Pillow lavas from 3900 metres. Click to enlarge. Pillow lavas from 3900 metres down . Click to enlarge

It was a good week for samples from the drilling, but as everyone knows, you just cannot stop a scientist even if the sample is still in the drill. The merest glimpse is all they need. Below Javier is trying to wrestle a core from the drill barrel, just because it was sticking out a little way. Or was he trying to stop BGS taking a core of our lovely deck ?

Cannot wait for the sample. Click to enlarge. Javier trying to free a sample from the drill. Click to enlarge

Before leaving the drilling for the time being, we thought we'd just show you a few more images from the week. On the left we have Debleena studying the drill screen hard as she is taught all about operating the drill itself; and on the right we have a typical sight for the deck crew of the Midships gantry out with the wire going down, or is it coming in ? It also shows the disbelievers at home, that we have had other weather apart from unbroken sunshine - mind you it was still quite warm.

Driving the drill. Click to enlarge. Sample being sorted. Click to enlarge.


Having completed drilling, we return, for the final few days, to dredging the slopes of the submarine peaks, whose upper reaches were sampled with the drill. We are trying to obtain samples from a larger area by the use of the dredge and moving the ship along specific courses. Once the dredge has landed on the sea bed the ship then moves at about three quarters of a knot dragging the dredge bag up the slope. These slopes the scientists tell us are like normal scree slopes you find around any land based mountain, and hence give samples of the local area.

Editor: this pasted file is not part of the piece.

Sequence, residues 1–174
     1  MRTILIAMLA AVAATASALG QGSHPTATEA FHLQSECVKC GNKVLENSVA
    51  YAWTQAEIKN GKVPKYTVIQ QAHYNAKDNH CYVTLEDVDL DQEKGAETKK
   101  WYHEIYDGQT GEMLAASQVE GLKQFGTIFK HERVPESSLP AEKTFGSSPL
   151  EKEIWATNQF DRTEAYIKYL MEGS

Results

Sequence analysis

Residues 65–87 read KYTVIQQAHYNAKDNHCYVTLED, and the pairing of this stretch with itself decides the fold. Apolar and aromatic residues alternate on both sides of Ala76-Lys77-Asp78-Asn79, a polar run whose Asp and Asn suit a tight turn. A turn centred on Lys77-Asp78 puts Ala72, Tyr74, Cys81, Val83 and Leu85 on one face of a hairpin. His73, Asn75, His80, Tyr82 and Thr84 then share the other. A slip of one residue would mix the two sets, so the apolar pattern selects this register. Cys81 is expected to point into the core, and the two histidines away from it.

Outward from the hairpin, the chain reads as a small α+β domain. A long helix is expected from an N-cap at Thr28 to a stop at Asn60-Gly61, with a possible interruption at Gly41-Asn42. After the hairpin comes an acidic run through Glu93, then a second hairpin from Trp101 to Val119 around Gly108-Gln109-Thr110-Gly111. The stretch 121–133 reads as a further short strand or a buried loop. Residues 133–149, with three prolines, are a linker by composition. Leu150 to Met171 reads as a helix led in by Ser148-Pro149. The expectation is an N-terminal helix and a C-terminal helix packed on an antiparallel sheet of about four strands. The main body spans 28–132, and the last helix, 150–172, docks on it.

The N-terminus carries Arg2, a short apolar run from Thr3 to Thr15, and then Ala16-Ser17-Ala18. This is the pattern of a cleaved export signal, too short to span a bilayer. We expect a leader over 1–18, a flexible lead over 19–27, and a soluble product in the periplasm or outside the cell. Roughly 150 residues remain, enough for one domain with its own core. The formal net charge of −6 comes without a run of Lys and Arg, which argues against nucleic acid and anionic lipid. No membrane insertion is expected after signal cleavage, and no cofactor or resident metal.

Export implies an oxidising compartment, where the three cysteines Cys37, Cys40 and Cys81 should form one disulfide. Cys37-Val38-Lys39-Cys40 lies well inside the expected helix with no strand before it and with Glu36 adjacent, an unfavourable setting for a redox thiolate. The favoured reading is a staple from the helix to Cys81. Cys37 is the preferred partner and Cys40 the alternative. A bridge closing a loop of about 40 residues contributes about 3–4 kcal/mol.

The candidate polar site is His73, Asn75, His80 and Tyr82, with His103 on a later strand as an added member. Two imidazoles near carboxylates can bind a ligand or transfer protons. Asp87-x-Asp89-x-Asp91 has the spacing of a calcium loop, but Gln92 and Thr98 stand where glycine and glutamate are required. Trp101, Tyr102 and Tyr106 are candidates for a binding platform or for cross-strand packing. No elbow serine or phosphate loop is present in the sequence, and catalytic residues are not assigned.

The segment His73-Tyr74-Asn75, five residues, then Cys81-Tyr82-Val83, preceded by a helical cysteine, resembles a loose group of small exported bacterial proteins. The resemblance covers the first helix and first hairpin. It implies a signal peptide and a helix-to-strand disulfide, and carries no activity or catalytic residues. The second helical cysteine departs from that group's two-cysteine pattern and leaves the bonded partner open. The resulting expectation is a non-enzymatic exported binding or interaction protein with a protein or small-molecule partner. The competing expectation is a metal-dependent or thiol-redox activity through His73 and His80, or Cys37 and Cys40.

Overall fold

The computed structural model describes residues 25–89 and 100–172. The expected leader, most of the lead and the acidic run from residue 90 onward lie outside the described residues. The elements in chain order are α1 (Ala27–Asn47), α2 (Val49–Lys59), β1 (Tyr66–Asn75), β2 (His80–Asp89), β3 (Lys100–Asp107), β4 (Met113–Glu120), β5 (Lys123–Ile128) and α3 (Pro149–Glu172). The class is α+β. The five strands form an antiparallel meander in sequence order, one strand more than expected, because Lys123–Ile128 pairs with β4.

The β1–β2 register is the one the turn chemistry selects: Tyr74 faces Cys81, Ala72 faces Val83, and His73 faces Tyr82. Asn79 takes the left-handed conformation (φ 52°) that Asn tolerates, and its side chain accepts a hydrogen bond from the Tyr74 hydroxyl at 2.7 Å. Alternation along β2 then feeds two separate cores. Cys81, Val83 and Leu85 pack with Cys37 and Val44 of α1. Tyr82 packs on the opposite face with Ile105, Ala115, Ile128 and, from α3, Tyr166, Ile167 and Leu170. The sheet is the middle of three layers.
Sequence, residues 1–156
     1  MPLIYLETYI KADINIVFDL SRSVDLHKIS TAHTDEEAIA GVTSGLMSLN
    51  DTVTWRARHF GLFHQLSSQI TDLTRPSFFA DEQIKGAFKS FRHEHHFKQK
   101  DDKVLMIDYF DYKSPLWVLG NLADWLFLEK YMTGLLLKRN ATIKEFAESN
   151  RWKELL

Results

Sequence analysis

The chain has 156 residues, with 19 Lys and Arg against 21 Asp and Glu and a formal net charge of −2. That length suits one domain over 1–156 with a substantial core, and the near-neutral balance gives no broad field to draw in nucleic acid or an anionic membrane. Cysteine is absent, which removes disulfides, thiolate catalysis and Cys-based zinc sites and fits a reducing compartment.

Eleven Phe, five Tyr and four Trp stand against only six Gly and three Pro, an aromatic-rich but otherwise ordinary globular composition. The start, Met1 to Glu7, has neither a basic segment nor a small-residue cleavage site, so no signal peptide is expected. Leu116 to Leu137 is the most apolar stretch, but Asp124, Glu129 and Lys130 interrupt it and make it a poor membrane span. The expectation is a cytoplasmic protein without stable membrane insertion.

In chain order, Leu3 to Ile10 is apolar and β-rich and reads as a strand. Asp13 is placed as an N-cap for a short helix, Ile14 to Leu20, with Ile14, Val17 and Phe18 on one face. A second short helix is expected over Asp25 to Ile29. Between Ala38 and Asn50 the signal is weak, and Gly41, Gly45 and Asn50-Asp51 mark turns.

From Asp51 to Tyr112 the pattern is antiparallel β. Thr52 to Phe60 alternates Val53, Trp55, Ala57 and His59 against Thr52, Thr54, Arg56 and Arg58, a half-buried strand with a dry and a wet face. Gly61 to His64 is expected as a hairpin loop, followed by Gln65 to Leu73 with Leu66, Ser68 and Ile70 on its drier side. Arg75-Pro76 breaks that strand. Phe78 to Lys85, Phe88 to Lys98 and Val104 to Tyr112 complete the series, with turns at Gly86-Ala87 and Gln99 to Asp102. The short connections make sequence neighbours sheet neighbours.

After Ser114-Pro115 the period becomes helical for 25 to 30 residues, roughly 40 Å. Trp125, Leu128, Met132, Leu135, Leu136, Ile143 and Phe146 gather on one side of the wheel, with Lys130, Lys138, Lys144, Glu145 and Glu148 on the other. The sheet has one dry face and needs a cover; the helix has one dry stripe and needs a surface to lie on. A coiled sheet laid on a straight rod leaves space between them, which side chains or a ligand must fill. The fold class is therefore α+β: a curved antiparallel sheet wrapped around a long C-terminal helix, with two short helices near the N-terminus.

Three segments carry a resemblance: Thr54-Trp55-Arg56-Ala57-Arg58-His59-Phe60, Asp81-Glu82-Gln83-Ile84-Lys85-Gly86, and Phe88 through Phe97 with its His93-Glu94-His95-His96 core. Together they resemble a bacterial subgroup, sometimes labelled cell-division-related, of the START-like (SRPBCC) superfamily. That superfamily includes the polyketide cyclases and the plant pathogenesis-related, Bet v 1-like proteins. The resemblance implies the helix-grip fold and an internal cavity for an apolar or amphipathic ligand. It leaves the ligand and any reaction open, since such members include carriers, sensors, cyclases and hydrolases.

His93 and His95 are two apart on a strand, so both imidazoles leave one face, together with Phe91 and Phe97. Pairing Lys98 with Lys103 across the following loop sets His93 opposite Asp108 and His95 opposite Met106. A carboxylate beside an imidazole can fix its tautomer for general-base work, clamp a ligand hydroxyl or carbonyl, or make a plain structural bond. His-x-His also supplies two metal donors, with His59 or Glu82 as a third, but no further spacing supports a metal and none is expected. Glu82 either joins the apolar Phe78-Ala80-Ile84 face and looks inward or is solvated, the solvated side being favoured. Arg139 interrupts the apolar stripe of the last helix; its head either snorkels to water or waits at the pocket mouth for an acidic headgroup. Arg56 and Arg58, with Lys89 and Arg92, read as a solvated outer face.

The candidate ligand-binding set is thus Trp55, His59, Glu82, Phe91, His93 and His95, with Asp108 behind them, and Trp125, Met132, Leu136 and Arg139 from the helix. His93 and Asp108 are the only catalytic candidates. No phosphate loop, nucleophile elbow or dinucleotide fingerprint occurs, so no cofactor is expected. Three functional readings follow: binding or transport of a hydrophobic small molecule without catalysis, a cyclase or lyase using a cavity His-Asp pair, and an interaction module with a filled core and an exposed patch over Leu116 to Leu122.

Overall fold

Dredging is not as subtle as drilling as there is no photograph before sampling, and you have to rely on the topography of the terrain to select your sample sites. Though someone must be doing something right onboard, judging by the amount of samples so far collected. The photographs below show the first haul which contained over 300 kg of rocks: the dredge bag was bulging and the scientists were complaining! (there's no pleasing them). On the left we see the Principal Scientist, Chris MacLeod, and his geological haul and the right-hand shot shows the size of rocks obtained in that particular, and fairly typical, dredge bag.